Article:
The majority of the pupils at a one form entry school in Newbury, Berkshire, have English as an additional language, with families from all over the world, making this a very special and unique educational setting.
Holly was a teacher in year 3 in the Autumn term, with a class of 32 children. While most of the ‘EAL’ pupils did not appear to have a language barrier as such in this particular cohort, there was one pupil who stood out more than the rest, who would slip behind but not reach out for help, who was kind and caring but quiet. For the sake of this blog, she will be referred to as Pupil A.
We used Makaton to sign ‘good morning’ and ‘good afternoon’ every day in class. Pupil A picked this up very quickly, leading her to be more responsive and confident during the register. Signing just these two concepts daily made a significant difference to Pupil A, who would gradually start to contribute a little more in class, start conversations and make links, building on her comprehension and inference skills.
Makaton symbols were used to support story maps of the text we were using in literacy and I would sign the story to the class, which all of the pupils enjoyed joining in with. Using the symbols with the signs further helped Pupil A to sequence the stories, creating her own story maps and innovating ideas in order to write her own version.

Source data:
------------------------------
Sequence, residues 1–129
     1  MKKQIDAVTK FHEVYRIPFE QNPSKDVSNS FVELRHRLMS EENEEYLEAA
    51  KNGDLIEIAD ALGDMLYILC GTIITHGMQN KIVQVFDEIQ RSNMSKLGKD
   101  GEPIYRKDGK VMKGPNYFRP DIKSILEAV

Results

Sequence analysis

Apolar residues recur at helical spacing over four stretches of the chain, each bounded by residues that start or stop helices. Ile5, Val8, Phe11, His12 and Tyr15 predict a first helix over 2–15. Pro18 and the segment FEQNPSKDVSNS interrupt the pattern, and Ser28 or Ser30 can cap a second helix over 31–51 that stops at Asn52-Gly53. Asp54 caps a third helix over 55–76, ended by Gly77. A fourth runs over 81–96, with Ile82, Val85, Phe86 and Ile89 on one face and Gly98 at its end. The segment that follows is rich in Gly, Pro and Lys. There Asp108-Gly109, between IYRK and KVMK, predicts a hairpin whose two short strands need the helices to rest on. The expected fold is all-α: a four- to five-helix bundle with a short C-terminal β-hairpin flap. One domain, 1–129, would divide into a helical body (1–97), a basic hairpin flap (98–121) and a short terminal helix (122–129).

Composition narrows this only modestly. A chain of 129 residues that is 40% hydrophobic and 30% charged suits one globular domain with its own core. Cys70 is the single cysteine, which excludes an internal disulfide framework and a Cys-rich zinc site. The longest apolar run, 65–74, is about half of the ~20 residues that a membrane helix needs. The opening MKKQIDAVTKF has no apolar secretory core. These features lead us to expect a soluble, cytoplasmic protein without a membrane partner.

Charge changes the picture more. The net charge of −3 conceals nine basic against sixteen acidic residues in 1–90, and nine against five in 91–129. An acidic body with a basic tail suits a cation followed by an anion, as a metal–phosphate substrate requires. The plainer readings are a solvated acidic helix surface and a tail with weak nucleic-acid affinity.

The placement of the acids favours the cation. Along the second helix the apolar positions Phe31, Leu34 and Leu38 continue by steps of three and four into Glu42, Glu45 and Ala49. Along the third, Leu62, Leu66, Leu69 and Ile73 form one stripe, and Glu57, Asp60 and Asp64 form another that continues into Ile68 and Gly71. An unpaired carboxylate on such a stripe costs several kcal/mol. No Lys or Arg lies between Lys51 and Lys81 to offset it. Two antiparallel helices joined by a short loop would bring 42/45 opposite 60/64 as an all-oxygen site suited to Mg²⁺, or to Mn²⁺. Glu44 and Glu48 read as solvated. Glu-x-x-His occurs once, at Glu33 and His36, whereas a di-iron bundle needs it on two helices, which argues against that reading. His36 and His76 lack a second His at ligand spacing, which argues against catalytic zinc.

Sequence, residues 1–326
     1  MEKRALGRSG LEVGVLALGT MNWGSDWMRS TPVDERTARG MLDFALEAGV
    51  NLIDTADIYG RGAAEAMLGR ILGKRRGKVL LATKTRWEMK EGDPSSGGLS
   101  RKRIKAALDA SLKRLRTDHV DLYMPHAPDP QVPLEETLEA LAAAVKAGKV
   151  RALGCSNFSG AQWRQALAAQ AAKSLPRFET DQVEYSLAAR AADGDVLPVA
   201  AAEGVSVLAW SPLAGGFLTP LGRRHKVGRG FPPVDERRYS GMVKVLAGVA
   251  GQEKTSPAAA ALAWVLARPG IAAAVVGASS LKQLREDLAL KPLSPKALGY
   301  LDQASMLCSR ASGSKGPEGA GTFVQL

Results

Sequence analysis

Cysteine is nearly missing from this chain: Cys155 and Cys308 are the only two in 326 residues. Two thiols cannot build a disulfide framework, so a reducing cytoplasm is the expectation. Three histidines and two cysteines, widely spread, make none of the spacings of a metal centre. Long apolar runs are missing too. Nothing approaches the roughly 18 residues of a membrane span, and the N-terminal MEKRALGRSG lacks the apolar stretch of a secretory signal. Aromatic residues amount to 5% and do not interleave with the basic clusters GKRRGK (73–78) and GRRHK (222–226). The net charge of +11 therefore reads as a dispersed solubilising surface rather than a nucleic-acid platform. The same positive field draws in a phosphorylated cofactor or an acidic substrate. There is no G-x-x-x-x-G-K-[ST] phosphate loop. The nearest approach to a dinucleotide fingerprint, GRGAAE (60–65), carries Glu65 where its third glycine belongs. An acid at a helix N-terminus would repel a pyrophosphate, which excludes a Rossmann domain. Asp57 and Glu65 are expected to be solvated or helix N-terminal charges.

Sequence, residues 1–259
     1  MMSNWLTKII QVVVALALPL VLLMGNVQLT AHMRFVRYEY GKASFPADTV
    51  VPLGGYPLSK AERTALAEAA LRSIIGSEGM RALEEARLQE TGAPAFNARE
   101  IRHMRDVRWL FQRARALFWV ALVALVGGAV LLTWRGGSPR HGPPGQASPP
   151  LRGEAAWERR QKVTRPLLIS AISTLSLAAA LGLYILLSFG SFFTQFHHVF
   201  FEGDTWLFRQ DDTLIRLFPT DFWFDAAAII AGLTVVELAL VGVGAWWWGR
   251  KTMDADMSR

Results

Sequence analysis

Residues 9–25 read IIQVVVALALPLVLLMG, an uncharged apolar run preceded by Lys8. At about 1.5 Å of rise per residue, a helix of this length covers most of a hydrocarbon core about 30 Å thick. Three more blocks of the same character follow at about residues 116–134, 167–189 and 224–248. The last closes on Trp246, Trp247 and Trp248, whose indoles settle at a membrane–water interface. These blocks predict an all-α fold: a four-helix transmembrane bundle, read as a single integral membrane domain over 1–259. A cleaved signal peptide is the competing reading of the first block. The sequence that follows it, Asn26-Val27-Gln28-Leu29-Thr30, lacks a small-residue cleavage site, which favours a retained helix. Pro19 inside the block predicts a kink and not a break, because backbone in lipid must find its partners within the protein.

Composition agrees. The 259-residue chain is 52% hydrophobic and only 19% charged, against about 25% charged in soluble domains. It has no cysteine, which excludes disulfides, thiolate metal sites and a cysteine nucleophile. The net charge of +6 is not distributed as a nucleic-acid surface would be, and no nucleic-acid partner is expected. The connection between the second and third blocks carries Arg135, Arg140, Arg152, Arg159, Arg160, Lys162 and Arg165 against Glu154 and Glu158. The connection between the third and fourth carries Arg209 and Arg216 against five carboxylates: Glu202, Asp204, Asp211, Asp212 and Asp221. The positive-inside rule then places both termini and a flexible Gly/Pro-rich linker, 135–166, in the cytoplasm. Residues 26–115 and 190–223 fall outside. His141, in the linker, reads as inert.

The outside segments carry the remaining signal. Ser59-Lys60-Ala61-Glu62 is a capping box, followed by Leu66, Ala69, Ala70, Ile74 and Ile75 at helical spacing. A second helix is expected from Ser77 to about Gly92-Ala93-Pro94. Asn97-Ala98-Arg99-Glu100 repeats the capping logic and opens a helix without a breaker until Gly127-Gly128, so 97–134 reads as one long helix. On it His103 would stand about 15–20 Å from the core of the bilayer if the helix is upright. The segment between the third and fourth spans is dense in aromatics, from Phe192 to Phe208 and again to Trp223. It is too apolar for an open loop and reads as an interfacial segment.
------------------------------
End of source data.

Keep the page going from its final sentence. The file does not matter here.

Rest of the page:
Holly’s teaching assistant and school ELSA, Sian Howard, worked with Pupil A in year 2 as well as year 3. After speaking with Sian, it became clear that since introducing Makaton signs and symbols, Pupil A has made significant progress with reading and writing as well as her making links through the movement of gesture as the connections were being made with her speech and recall.
Since returning from the Christmas holidays Pupil A continues to sign 'good morning ' and 'good afternoon'. It has been noted that her spoken English has become clearer and more confident. Makaton is used for Pupil A as much as possible in the classroom setting, for example, during a Spanish lesson on animals the sign for each animal was demonstrated to Pupil A in both Spanish and English. Pupil A finds Spanish challenging but did her best to follow the new vocabulary. After the lesson Sian went through the signs with her in English, Pupil A joined in with the signing, finding it easy to communicate using both her hands and her speech, and after felt confident enough to tell Sian a story about a cat she stroked.